Western Author Series: Larry McMurtry #5 of 6
- Regardless of Larry McMurtry’s widespread appeal as a writer, there’s a surprising dichotomy between the man who writes award-winning western books and screenplays, and the same man who does almost everything possible to deflect attention regarding that particular success.
Case in point: In a 2008 interview with Deanne Stillman
, Larry McMurtry said, “I don't read reviews of my books because I don't learn anything by reading reviews of my books. The book is already written and has left my consciousness. So much time has passed that I feel little or no connection to the book anymore.” That's a stunning statement for a famous author. Most writers have to do a lifetime of inner-work and still never arrive at a point where reviews mean nothing. This quality seems to be a theme in his life and can be summed up as a revulsion to the aggrandizing of the past.
Larry McMurtry is one pragmatic man, with no inclinations towards romanticizing anything. He takes one day at a time and has no problem calling things as he sees them. This reluctance to aggrandize or embellish the past also applies to his views of cowboy life. Even in his ever-popular Lonesome Dove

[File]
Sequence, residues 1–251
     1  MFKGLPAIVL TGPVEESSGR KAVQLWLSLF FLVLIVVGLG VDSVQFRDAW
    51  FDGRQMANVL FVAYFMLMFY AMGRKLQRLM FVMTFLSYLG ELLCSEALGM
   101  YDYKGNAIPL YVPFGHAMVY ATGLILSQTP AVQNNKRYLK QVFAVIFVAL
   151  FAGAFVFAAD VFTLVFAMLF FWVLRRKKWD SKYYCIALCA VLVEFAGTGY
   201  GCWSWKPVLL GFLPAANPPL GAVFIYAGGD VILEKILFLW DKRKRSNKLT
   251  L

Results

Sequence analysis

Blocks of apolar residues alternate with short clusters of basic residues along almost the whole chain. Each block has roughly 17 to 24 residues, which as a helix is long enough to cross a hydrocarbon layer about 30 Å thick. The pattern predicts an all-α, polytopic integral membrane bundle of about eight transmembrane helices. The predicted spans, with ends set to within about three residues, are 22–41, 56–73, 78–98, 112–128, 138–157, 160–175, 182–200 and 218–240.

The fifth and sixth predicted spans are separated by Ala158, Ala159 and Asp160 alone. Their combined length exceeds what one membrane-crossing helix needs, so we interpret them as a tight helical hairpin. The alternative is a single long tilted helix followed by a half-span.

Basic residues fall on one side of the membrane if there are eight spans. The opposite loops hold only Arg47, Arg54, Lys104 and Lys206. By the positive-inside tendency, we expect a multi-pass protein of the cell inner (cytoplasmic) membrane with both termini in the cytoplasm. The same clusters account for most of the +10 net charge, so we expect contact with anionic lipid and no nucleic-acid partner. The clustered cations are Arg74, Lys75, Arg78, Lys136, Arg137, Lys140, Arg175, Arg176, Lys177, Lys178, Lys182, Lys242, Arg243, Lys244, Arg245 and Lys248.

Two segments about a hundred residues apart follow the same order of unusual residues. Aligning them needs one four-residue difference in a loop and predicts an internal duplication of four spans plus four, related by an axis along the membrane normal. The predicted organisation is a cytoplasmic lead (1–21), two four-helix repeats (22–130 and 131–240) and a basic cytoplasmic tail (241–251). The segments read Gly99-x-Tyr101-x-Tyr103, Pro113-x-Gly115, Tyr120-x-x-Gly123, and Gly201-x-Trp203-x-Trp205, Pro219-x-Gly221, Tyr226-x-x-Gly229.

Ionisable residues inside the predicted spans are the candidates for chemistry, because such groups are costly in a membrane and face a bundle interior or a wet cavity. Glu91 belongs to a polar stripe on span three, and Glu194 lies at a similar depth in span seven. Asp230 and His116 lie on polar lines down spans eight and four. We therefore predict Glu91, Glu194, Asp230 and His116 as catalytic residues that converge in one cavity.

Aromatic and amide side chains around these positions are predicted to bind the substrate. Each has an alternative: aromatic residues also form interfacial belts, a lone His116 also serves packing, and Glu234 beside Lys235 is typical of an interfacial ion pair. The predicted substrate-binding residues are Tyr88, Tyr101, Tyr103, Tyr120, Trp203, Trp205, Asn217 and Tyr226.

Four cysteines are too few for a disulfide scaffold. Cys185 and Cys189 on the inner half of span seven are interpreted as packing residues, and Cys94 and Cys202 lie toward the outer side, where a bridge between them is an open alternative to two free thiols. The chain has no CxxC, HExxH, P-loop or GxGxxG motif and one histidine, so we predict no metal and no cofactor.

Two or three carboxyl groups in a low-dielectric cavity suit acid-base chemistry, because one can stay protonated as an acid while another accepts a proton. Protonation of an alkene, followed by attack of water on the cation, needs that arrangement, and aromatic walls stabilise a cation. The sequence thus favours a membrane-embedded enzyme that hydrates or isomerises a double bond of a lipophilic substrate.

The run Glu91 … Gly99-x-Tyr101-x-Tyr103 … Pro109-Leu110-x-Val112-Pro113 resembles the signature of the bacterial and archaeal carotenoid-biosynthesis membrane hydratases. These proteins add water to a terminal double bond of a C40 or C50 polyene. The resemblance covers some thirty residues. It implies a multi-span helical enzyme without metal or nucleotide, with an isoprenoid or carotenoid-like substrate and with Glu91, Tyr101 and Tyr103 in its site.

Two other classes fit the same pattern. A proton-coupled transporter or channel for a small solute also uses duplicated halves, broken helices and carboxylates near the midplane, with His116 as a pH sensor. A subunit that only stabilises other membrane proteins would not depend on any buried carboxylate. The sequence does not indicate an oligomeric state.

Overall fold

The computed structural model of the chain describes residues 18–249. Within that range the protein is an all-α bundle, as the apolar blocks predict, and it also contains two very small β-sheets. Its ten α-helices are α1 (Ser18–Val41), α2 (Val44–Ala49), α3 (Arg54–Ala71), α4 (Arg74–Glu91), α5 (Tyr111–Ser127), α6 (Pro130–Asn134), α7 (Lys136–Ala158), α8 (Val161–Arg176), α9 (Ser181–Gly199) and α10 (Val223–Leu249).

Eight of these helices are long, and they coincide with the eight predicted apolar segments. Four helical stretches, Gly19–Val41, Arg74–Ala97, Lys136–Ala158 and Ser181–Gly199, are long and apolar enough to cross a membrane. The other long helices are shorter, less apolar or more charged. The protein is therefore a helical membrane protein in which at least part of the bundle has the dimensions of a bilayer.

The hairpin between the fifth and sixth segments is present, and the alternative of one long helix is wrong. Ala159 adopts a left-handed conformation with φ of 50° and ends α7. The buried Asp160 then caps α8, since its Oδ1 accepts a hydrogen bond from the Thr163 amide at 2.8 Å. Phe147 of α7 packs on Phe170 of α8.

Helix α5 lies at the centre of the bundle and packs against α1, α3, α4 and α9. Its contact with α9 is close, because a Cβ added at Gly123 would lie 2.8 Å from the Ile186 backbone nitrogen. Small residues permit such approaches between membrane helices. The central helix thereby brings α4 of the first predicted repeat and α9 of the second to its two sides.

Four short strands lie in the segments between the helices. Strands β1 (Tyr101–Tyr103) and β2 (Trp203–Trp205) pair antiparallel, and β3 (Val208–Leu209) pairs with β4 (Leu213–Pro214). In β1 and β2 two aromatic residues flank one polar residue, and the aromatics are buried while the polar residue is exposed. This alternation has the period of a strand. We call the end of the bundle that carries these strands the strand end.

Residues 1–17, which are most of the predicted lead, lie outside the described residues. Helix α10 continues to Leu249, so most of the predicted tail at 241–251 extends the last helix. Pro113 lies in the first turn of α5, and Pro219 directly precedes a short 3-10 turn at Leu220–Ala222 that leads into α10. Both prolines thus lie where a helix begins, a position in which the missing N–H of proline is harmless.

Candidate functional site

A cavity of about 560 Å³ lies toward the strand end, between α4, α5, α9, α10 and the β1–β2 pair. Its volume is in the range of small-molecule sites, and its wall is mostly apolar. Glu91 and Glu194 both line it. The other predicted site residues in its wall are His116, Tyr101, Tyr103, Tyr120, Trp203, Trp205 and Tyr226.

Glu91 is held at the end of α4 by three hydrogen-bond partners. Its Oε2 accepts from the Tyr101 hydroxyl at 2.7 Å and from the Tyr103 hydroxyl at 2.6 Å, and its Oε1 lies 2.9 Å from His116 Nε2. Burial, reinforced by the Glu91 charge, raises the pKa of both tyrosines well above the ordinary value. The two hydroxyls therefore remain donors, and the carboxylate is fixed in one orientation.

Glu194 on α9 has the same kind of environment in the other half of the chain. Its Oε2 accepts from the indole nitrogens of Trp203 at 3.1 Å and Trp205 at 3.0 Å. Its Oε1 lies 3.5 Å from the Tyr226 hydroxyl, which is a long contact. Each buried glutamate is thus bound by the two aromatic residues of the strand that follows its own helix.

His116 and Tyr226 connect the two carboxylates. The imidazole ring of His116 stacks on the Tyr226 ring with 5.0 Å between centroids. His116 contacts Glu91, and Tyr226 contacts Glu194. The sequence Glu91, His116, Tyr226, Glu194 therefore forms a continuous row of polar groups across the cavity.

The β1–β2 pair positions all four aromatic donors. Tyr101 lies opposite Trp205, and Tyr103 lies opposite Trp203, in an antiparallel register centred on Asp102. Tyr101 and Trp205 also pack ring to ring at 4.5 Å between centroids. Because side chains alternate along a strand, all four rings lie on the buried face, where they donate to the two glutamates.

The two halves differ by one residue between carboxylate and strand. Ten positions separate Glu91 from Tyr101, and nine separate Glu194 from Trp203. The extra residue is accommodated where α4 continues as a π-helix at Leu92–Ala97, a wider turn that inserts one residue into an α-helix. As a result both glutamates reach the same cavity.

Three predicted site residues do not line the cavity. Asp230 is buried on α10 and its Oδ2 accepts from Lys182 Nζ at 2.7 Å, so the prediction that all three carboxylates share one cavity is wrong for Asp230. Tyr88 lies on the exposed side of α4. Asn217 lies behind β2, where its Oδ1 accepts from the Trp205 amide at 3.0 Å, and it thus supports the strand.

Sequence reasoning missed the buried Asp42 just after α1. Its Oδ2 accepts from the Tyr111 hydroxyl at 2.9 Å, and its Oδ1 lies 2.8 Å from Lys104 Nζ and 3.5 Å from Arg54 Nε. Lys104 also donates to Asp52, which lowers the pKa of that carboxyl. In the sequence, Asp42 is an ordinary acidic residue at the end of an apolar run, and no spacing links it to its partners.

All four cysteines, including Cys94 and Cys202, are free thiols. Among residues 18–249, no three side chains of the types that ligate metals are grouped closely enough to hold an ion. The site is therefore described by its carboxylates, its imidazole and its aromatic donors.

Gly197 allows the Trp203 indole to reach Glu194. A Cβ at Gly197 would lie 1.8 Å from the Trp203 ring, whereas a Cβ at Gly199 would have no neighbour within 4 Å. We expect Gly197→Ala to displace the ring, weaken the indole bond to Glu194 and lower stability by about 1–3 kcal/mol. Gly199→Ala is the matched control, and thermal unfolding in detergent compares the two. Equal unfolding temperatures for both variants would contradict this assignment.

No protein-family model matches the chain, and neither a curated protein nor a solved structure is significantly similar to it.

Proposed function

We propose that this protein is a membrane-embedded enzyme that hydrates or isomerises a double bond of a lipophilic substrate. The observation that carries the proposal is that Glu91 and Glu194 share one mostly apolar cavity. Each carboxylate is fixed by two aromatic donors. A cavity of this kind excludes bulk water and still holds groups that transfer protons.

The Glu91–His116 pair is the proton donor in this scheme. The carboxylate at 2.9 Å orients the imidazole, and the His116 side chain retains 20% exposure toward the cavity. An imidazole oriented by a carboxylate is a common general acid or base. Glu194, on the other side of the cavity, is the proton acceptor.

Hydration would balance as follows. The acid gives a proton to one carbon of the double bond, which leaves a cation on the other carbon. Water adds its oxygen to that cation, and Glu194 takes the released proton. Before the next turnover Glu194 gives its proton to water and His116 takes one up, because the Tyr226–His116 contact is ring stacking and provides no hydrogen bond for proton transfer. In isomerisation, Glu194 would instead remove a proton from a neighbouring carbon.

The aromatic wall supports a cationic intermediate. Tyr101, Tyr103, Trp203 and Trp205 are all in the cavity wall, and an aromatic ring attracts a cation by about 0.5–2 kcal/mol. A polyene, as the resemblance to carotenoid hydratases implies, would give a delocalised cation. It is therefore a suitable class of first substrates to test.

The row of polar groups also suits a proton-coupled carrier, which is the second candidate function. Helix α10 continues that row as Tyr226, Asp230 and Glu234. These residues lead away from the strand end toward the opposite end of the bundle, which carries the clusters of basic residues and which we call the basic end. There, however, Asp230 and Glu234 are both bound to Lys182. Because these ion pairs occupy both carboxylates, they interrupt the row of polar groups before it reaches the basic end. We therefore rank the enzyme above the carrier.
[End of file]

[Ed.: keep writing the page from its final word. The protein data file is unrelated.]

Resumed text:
, McMurtry was never trying to further America's passion for The Cowboy. Quite the opposite.
The bottom line is that Larry McMurtry can’t stand when people objectify cowboy folklore. To him, it is truly mythical - meaning, the “golden" era of cowboy life simply didn’t exist. It was always a hard, brutal, lonely, and often violent lifestyle. This is a message he tried to convey through his western books and he feels almost thwarted by their passionate acceptance by those who romanticize the very thing he tried not to.
In an aptly titled interview, “A Texan Who Likes To Deflate The Legends of the Golden West,
” McMurtry comments, “the myth of the clean-living cowboy devoted to agrarian pursuits and the rural way of life is extremely limiting...I don't think these myths do justice to the richness of human possibility.” He feels his family's heritage gives him permission to attack the rosy images of cowboy life since he has personally known, and experienced, its conflicting realities.
Even so, Larry McMurtry's figurative - and literal - return to his home landscape, and the themes of western agrarian life, exemplify the strong hold that lifestyle holds on all who have experienced it, and for those of us who wish we had.
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